Reprinted from The Outer Banks Voice.
Owls, those phantom creatures of the night.
Their eerie calls raise the hairs on the back of your neck. Their flight is dead silent and the strikes on their prey are swift and lethal. Mysterious for sure, and considered evil by many – the stuff that legends are made of.
To others, especially since the advent of the Harry Potter books and movies, owls are delightful. I’m one of those.
An “owlaholic” you might say. Owls, are awesome; they’re just misunderstood.
So let’s explore the species of owls that call eastern North Carolina home; the permanent residents. Then we’ll take a look at a few of the species that visit the Outer Banks during the winter months. Beware, you may become an addict.
The smallest year-round owl in this area is the eastern screech owl. At 8 to 9 inches long, they are about the size of a man’s hand.
Common birds, they live in forests, swamps, woodlots, even residential sections, if there are plenty of trees — especially old trees with cavities for roosting and nesting.
There could be one in your backyard right now. Like most owls, screech owls are nocturnal and seldom seen by humans.
They have small ear tufts that can be raised or lowered and their color can run from red to brown to gray, and families are often mixed.
Screech owls feed on a great variety of animal life: small mammals and birds, insects, earthworms, snakes and snails. They will even catch fish and sometimes their prey is larger than they are.
Screech owls don’t usually, if ever, screech. Their normal calls are either a high-pitched, descending whinny, similar to a horse, or a lower-pitched, even tremolo. Pair bonding can consist of synchronized duets.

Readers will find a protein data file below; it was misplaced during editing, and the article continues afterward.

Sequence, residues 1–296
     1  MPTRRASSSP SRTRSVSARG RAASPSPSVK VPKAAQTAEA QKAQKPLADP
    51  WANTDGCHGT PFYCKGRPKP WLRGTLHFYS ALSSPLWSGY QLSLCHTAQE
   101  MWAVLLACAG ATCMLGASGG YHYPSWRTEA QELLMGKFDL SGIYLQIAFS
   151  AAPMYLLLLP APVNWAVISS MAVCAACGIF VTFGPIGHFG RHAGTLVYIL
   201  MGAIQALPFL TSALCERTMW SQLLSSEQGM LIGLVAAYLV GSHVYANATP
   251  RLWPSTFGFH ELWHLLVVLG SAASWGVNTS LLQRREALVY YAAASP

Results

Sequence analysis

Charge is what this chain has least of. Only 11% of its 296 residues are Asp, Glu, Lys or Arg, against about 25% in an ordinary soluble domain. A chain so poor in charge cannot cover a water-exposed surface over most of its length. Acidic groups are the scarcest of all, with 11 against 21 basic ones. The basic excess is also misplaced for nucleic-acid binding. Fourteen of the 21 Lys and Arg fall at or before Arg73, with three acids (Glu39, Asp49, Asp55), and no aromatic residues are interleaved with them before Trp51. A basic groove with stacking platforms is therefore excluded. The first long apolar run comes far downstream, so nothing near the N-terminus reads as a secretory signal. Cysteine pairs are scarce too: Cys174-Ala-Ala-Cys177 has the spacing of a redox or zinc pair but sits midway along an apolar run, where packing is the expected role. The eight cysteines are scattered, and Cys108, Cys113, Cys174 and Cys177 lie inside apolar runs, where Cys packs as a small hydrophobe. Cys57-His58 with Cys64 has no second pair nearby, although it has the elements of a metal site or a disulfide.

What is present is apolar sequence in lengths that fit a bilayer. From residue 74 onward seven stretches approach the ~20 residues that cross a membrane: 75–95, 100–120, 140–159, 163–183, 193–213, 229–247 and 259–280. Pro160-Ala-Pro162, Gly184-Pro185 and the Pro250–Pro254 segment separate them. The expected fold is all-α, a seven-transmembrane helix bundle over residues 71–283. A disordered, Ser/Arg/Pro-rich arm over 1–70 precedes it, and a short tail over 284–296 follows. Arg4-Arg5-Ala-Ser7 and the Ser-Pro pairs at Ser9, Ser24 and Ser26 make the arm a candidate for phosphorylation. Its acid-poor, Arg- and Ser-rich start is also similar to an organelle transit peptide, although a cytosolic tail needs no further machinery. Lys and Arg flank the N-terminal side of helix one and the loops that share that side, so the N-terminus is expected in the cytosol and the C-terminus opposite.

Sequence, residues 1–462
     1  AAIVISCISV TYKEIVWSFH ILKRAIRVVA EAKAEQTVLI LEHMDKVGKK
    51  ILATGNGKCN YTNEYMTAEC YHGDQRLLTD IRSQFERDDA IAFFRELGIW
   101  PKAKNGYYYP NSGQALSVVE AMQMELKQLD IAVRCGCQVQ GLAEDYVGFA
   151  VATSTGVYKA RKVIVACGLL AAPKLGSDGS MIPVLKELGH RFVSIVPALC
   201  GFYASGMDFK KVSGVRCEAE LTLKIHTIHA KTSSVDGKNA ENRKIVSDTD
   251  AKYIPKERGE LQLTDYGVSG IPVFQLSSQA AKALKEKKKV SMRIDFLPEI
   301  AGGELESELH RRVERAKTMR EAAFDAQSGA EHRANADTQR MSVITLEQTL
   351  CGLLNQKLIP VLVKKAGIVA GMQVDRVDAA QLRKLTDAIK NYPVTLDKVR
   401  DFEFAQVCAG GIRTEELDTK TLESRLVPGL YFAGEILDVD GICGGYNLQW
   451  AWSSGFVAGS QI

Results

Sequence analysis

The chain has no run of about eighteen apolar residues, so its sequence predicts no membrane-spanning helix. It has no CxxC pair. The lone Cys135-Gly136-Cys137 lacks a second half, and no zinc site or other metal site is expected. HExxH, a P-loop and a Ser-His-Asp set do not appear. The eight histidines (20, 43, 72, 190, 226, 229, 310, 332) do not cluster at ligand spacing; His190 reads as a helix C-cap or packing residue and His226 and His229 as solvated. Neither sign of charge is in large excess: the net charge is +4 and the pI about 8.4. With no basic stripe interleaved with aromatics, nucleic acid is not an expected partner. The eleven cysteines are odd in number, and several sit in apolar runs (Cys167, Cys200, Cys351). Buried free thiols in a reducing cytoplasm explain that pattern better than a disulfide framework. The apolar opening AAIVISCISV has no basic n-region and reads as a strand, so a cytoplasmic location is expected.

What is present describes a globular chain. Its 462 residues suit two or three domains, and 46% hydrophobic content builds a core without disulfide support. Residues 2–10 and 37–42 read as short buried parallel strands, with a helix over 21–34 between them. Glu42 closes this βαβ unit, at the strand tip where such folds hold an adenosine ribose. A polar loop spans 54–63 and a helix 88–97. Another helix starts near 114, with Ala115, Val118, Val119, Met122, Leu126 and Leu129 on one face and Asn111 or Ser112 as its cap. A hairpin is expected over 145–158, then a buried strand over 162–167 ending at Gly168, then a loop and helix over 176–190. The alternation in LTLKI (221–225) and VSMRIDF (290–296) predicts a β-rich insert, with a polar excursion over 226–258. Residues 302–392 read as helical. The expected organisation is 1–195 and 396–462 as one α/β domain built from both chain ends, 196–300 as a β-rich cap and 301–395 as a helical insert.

I’ve most often heard screech owls when I’ve stepped outside at night during the cooler months. Occasionally, you can locate one during the day when small songbirds are scolding the poor owl.
You can help attract screech owls to your yard by putting up a large bird house for them. Wood duck boxes work well.
Great horned owls are our owls that actually hoot. These huge beauties — 22 inches long, wing span close to 4 feet and weighing around 3 pounds — are another of our owls with ear tufts; the “horns” that give them their name. They look like the typical “wise old owl.”
They can often be heard calling at night during late fall, winter and early spring. Go outside on a calm night and there is a good chance that you’ll hear one or a pair, if you are near wooded habitat.
Great horned owls nest in winter on the Outer Banks from Corolla to Hatteras, often in osprey nests, since owls do not build their own nests.
Recently a pair has nested in an osprey nest on a channel marker at the Oregon Inlet Fishing Center and another in an osprey nest at the government center in Manteo.
Great horned owls use their great night vision and acute hearing to find their mammal and bird prey, and their silent flight and powerful talons to quickly dispatch it.
They feed by swallowing the animal whole or tearing it into bite-sized pieces with their sharp, hooked beak. Afterwards, they regurgitate the undigested bones and fur.
Barred owls, slightly smaller than great horned owls, live in wooded, wet areas. In this area, the Alligator River National Wildlife Refuge is the most reliable place to find them.
Although primarily nocturnal, they can sometimes be seen during daylight hours, often perched on a low limb over a ditch, hunting for snakes, frogs or crayfish. They will also take small mammals, birds and large insects.
Barred owls lack the visible ear tufts and yellow eyes of the great horned; instead they have round heads and dark eyes. One of the strangest things about barred owls is their calls.
They give a loud “who-cooks-for-you, who-cooks-for-you-all” and when two or more are within range of one another, they sound even crazier, like a group of monkeys. Sometimes you can call barred owls in by imitating their calls.